By Don Schmincke and Theresa Rose
Winning sales in a losing economy. Finding the upside in the economic downturn
By Don Schmincke and Theresa Rose
Winning Sales In A Losing Economy. Finding The Upside In The Economic Downturn
No one knows stress better than a salesperson who is trying to close deals during a global financial collapse.
How is the retrenching affecting your resources to deliver? Is the competition hiring newly unemployed sales talent – those who are extra hungry … and extra talented? What is your customer really thinking about now – your features and benefits, or saving his job? And, as if it wasn’t stressful enough, you’re under pressure to achieve seemingly impossible goals.
What can a sales professional do? Sales 101 methods like better closing techniques or prospect management strategies are important, but experienced professionals want more.
Climbing out of bed to sell in this economy becomes easier by studying … well, climbers. Climbers in death zones – that altitude above 26,000 feet where lack of oxygen makes long-term survival impossible – also surmount seemingly impossible goals; and they bear an uncanny resemblance to salespeople.
Some are deeply humble, while others are psychotic narcissists. They come with all levels of competence, from naive wannabes to elite athletes. And when put to the test, they react like all of us: sometimes like heroes, other times self-destructively. But when they “close” the summit, how do they do it? And how can we use these lessons to push sales higher?
Take smaller steps.
When climbing you don’t break any land speed records. But all climbers succeed doing the same thing – taking just one more step. A small step, one foot in front of the other, gets you higher.
But many salespeople leap too far too fast in a recession. It’s much better to follow the advice: “Never try to cross a chasm in two leaps!”
Today, customers want to take their time. They are fearful and uncertain about what’s next. So, in turn, you must slow down to increase your sales.
Are you running to a solution too soon when you haven’t yet taken the next small step to understand their new challenges and anxieties? What may have been a five-step sales cycle may be a 10-step journey now. Re-assess and tune up your sales strategy for a different route to the top by doing the following:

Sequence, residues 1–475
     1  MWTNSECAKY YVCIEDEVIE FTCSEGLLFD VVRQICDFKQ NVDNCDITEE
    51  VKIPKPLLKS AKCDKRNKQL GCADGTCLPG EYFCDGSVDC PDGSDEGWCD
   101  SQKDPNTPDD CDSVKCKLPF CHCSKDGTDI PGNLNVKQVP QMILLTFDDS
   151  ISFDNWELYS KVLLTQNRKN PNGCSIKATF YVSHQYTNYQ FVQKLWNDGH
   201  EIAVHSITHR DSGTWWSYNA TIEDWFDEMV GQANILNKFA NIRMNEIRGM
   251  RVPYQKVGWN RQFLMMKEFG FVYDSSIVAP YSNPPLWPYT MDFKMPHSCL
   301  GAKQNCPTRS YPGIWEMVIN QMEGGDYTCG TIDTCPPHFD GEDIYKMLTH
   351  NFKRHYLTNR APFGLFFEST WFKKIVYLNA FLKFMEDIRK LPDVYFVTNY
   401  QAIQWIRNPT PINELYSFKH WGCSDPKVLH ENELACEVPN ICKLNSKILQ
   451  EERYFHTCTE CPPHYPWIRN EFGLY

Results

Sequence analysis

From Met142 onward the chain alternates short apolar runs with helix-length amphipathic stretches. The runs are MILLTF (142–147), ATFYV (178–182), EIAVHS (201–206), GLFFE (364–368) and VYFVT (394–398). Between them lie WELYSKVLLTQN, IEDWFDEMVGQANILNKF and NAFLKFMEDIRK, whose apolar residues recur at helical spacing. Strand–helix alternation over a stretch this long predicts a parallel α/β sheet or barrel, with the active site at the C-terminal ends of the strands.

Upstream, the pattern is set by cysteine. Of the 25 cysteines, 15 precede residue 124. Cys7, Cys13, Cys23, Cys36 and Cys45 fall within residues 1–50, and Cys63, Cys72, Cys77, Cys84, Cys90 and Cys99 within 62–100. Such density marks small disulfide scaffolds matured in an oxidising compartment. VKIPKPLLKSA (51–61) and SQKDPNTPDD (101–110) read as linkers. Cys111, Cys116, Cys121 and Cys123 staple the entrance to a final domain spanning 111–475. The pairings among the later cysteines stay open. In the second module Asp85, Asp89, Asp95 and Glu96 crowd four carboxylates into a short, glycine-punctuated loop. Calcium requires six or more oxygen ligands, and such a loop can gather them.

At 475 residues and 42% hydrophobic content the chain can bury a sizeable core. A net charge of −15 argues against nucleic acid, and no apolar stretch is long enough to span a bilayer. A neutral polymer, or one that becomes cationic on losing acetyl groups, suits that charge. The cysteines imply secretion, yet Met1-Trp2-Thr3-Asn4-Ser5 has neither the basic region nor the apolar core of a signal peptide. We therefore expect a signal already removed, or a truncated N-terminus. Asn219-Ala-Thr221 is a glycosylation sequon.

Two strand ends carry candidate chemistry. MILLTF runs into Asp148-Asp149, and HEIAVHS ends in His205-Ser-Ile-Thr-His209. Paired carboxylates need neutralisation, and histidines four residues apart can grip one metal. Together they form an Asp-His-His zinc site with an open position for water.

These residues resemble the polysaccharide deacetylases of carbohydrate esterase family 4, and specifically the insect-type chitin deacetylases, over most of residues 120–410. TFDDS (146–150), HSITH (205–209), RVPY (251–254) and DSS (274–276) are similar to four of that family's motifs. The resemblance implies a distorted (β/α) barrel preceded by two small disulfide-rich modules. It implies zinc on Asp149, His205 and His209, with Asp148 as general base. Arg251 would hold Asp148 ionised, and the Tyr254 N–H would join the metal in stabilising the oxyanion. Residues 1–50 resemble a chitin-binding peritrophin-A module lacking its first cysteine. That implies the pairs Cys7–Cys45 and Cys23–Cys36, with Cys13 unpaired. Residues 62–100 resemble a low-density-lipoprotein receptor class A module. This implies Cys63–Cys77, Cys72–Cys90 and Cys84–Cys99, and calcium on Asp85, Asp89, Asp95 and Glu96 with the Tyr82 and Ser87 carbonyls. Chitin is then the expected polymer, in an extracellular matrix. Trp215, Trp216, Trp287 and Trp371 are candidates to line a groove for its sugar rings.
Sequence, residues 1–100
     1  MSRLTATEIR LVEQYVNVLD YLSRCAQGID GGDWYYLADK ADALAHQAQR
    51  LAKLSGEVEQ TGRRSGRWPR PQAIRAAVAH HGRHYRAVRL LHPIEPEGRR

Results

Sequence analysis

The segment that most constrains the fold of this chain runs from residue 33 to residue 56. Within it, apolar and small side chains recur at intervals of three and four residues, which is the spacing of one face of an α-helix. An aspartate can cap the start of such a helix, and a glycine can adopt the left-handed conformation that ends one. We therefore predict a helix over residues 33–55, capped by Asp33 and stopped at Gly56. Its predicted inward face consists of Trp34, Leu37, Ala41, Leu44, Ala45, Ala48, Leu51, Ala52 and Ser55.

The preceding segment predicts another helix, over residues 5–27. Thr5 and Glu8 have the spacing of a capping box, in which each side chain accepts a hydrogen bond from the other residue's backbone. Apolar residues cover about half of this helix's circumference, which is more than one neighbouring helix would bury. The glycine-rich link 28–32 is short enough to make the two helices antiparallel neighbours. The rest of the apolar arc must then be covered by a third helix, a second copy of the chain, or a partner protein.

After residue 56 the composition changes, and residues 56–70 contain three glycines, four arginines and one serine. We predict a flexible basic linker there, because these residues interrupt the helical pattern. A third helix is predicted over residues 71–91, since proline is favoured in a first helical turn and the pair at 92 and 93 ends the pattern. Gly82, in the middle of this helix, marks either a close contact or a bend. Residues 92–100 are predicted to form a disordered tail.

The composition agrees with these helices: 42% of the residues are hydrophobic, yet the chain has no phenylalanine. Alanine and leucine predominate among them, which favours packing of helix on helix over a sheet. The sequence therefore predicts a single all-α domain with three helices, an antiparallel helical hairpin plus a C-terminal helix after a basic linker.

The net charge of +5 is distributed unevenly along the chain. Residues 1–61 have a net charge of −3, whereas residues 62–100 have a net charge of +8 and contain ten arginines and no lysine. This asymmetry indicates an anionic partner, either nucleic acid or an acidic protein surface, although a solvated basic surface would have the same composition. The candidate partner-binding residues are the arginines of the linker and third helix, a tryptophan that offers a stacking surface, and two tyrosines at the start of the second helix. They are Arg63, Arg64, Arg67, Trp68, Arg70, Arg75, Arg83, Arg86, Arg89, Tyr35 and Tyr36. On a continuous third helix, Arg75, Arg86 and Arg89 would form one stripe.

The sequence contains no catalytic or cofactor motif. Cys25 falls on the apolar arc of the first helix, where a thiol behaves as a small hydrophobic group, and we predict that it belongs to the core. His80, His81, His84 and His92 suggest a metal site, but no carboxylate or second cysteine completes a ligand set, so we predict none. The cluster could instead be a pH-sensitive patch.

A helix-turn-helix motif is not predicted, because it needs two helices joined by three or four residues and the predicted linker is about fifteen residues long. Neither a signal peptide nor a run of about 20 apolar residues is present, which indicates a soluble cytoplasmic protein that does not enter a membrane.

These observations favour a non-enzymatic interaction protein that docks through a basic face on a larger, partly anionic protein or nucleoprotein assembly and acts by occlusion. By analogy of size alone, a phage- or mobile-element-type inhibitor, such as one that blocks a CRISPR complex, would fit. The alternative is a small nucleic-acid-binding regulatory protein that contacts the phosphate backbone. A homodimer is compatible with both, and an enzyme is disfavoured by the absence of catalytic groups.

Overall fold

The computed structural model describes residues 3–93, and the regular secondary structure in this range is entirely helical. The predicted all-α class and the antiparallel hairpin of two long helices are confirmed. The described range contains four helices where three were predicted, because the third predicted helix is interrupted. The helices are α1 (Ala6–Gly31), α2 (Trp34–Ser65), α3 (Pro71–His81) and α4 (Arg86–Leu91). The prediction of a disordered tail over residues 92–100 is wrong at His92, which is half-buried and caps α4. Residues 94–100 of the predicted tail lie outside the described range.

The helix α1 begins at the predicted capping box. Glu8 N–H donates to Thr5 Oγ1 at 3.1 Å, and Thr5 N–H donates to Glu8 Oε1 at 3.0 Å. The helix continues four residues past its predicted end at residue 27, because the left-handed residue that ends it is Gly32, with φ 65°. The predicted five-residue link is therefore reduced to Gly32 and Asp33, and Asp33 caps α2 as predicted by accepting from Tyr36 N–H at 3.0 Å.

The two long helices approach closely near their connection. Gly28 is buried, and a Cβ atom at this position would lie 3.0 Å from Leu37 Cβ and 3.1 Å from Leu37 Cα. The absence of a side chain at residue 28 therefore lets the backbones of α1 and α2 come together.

1) Write down your current sales process steps.
2) See where you can break apart each step into smaller ones (“Build rapport” can be broken into “send article,” “get a meeting on the calendar,” “mail handwritten thank-you card for their time,” etc.).
3) Put the new list to work by creating a spreadsheet with the steps as column titles and then list each prospect down the first column. Assess where you are for each prospect and notice missing steps or areas to redefine your approach.
Sell passion not product.
Passion drives climbers to “buy” into the sport. A passion also drives your prospects.
A resistant client in the high tech industry shocked the salesperson when he admitted, “we like your product, but we just don’t get your story.” They needed vendors who added to the brand, mystique and “remarkablility” of their products. When the stunned salesperson returned with a new presentation of their product direction, innovative philosophy and company culture, they were able to close the deal.
Are your prospects looking for more than just a shallow pitch?
1) List your top prospects.
2) Identify at least three things that excite them or cause them great pain – and explain how your product or service addresses these issues.
3) Create a “story” about your offering using the themes and phrases in Step 2. What’s passionate about your product or service? And don’t fall off the cliff because you think you sell a commodity product. Just look at the stories created around commodities like coffee and tennis shoes!
If the load is too great, climbers separate out the gear and move it in smaller loads. You should, too.
One business deal was being stifled because the salesperson had the whole package, but the recession was driving price into the equation. The client only needed pieces of the solution for now to get through the year.
Unbundling the offering delighted the client, and they closed the deal.
1) Collect and categorize the main customer complaints, objections or other reasons for not buying.
2) Schedule a meeting with relevant company functions that can impact the customer end-product (manufacturing, design, R&D, service delivery, field maintenance, etc.)
3) At the meeting review the categories you created in Step 1, and brainstorm innovative ways to help the customer (what can be unbundled, repackaged, re-priced, delivered differently, combined, etc.)
As a salesperson, now is the time to go in, play harder and take some innovative risks. Climb higher in sales during turbulent times by applying better climbing techniques. What do you have to lose?